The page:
Although there are many alternatives out there, there is one thing that they can’t compete with when it comes to metal. Metal cans are 100% airtight and 100% lightproof, so when alternative packaging provides 12 months of shelf life, the metal can provides several years. Some sardine-lovers argue that the product becomes even better after a few years of maturing in the can. In addition, the metal can is 100% recyclable, just like glass.

In toroid cans – metal cans with a hole in the middle – the canning process takes less time and preserves more nutrients of the canned food.

In toroid cans – metal cans with a hole in the middle – the canning process takes less time and preserves more nutrients of the canned food. Photo: Bart van Droogenbroeck, ILVO

Nicolas Appert – The father of canning

In 1809, Nicolas Appert won a competition in France to find the best way to preserve food for long periods of time. A competition was announced as a result of Napoleon’s wish for a better supply of food to his military troops, which he was planning to send deep into Russian territory. Appert’s solution was to boil the food in thick glass bottles that were sealed immediately after boiling with a cork and wax. This allowed the food to last for several weeks.

The following year, the can (iron, coated with can to prevent rusting and sealed with lead solder) was launched and the first canning factory was established in London in 1813. This was more than 50 years before Louis Pasteur showed the connection between killing bacteria and heat. Everyone knew that canning worked, but not why. Eventually, it was also understood why pasteurisation didn’t preserve things forever, because spore forming bacteria need to be exposed to temperatures higher than the boiling point of water in order to be inactivated. This led to the development of counter pressure autoclaves, so that the boiling point of water could be increased high enough to sterilize things. Along with the invention of the seam folding machine at the end of the 1800s, this laid the foundation for the industrialisation of canning and its heyday during the first half of the 1900s.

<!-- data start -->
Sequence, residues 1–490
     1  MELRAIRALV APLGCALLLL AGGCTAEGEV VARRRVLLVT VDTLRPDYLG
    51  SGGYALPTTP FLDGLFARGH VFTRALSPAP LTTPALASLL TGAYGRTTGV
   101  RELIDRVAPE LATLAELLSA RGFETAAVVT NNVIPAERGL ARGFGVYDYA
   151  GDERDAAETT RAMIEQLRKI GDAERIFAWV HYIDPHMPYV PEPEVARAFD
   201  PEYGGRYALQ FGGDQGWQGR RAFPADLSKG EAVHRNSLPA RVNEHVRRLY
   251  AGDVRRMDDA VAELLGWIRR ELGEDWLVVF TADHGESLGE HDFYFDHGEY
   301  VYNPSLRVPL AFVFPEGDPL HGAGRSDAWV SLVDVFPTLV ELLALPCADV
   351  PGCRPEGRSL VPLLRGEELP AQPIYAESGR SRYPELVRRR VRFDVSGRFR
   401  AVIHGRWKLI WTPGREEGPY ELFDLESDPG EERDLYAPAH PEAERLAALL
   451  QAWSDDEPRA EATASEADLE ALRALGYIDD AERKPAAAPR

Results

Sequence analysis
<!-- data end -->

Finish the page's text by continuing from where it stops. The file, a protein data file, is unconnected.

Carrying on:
Canned food is here to stay

In a world with lots of food waste, canned food is an ingenious method that provides long shelf life without the use of preservatives. When food is cooked in a can, the boiling water doesn’t take anything away from the food.  Most of the vitamins, polyunsaturated fatty acids, minerals and nutritional value are retained, even though some water-soluble vitamins like vitamin C are somewhat degraded.

Canned food has saved many people’s lives in disaster areas, and the metal can also keep pests out. It is always a good idea to have a small food stash that can be used if there is a power cut for few days, or as a reserve at the cottage. Apparently, many people agree, as the annual market growth regarding canned food has been 3.8% globally.

The canned food market is still growing in the United States, especially regarding vegetables and ready-made meals. The same trends are seen in the UK. Source: Grand View Research

The canned food market is still growing in the United States, especially regarding vegetables and ready-made meals. The same trends are seen in the UK. Source: Grand View Research

In the EU funded research project called InProVe, we are working to improve heat treatment with the use of microwaves, among other things. This method of rapid heating can be used to provide better product quality. We didn’t have this opportunity until we got alternatives to metal packaging and microwave pressure ovens.

Research is also being conducted on how so-called toroid cans can be used to reduce heating times and thereby improve the quality of hermetically sealed food. We are continuing our research and innovation within the field of canned food, and are convinced that canned food will be present in food stores of the future, along with pasteurised and chilled ready-made meals and fresh products with short shelf lives.